Today, we meet a turtle with an iron shell. The
University of Houston's College of Engineering
presents this series about the machines that make
our civilization run, and the people whose
ingenuity created them.
The Japanese ruler Hideyoshi
invaded Korea in 1592. He was armed with a new
weapon -- muskets sold to him by the Portuguese.
Hideyoshi quickly overran Seoul and seemed to be on
his way to conquering the country. Then the Korean
government turned to Admiral Sun-Shin Yi. Yi was a
brilliant strategist who'd seen war coming and had
raised private money to construct a small fleet of
utterly remarkable ships called Turtle boats.
The Turtle was ironclad, and it looked like a
hundred-foot-long turtle. It had a low, rounded
roof, bristling with spikes to prevent boarding.
Its sails came down in battle, and it was powered
by oars. Just above the oars were ports for cannon,
small firearms, and arrows. It had features in
common with both Civil War ironclads -- the Monitor
and Merrimack -- built 250 years later. The Turtle
boats were equipped with rams as well as a dragon's
head on the prow. The dragon's head poured out
smoke to frighten the enemy and to lay a very
effective smoke screen.
During the following months, Yi tore into the
Japanese fleet of some 200 ships with his new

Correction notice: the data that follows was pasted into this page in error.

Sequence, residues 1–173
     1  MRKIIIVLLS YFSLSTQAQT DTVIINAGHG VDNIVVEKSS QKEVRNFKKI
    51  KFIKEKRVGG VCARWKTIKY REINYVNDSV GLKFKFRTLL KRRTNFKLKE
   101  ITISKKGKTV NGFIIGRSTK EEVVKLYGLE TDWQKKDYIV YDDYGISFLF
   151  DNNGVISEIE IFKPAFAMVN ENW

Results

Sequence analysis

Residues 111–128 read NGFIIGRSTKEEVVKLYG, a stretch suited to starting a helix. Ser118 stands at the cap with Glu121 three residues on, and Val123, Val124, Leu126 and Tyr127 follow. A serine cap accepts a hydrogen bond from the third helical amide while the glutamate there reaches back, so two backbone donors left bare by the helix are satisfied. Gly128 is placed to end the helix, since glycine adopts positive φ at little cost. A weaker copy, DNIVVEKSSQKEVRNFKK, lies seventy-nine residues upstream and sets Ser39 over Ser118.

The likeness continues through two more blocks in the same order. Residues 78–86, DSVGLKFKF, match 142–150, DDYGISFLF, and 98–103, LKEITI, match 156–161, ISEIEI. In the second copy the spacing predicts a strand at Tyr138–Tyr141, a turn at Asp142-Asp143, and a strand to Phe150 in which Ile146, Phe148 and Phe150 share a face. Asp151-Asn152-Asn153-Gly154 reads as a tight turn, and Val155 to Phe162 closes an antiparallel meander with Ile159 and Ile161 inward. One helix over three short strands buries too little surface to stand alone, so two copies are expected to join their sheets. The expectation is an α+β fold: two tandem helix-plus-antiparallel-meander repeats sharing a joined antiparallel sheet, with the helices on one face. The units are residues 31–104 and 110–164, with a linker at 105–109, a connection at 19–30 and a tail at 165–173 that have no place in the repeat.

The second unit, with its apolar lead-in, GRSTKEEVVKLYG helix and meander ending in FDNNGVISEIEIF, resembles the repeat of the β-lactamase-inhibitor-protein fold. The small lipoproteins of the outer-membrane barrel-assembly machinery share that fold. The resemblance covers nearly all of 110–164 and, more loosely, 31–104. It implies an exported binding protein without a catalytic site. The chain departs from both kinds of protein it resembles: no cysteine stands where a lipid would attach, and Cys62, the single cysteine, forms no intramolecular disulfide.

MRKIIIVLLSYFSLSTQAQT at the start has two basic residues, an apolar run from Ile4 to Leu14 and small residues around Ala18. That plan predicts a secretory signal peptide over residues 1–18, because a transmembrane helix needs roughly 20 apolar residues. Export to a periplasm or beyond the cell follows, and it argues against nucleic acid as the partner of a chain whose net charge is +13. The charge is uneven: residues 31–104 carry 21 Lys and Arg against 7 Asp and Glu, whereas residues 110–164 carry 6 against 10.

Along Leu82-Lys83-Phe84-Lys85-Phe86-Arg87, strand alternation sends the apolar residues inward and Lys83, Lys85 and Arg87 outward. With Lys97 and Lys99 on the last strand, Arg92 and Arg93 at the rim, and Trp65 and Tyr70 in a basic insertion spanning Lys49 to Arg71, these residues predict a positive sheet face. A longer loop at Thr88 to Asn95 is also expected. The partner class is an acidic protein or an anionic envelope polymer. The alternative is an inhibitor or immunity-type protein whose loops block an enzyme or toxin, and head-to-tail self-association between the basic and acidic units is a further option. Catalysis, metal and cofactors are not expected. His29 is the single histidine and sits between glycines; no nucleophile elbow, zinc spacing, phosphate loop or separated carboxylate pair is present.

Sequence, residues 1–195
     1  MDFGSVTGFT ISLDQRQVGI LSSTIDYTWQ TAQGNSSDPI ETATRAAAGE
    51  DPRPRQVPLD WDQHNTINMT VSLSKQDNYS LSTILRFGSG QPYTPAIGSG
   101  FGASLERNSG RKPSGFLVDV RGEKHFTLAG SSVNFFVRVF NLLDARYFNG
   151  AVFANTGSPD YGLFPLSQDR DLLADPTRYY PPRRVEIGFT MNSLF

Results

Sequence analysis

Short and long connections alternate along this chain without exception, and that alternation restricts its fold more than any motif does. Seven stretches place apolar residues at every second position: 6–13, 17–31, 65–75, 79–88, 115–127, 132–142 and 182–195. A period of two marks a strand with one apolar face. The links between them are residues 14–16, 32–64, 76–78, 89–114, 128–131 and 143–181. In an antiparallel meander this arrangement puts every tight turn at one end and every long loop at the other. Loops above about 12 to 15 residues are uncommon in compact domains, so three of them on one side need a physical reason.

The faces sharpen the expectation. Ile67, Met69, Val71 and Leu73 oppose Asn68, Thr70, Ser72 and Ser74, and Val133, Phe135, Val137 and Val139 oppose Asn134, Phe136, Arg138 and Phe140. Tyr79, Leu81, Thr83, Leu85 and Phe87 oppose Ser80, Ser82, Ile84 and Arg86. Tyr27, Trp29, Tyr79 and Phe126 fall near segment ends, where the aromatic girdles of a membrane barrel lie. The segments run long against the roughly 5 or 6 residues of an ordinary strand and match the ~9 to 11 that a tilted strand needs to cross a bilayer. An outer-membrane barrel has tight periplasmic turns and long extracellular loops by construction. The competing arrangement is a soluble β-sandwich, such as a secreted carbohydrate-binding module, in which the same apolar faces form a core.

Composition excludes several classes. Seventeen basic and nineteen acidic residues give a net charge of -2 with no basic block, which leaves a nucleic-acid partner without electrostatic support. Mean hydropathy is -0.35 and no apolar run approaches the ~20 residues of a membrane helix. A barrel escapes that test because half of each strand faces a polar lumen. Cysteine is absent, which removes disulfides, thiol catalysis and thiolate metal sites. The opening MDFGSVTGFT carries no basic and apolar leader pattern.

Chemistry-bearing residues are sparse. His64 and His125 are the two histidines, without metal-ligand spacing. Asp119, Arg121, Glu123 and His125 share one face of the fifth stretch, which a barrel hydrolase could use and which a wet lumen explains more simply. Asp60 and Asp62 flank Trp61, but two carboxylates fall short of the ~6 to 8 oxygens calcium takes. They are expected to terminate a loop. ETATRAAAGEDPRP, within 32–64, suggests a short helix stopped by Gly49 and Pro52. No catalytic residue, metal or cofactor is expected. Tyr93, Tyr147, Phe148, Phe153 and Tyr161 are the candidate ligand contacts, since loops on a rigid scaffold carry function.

weapon and devastated it. The war ended in a truce,
with Korea divided.
Admiral Yi had stopped the invasion, but he had
stirred up political jealousy by doing it. His
opponents had him thrown in jail, and there he sat
until Hideyoshi renewed the invasion in 1597. With
Yi out of the way, the Japanese ravaged the Korean
navy. Yi was finally exonerated and put back in
charge of just 12 surviving warships.
Less than a month later he ambushed 133 Japanese
ships with this tiny fleet. He sank 31 of them and
drove the rest off. He also bought time to rebuild
A year later, the Japanese were fighting a losing
war. They began a total withdrawal in an armada of
500 ships. Then Admiral Yi struck them once again
with his Turtle -- with this mad, visionary weapon.
He sank hundreds of ships -- over half the fleet.
The carnage far exceeded the slaughter in Drake's
defeat of the Spanish Armada just ten years
earlier. In fact, the Japanese loss of 50,000 men
was twice the combined number of men who'd merely
sailed in the English and Spanish fleets.
The Japanese were so badly beaten that they stayed
away from Korea until 1904. Admiral Yi was killed
in the battle. And in a strange way, so too was the
Turtle. Neither it, nor this huge naval encounter,
are even footnotes in Western history books. And we
don't see anything like the Turtle again until the
I'm John Lienhard, at the University of Houston,
where we're interested in the way inventive minds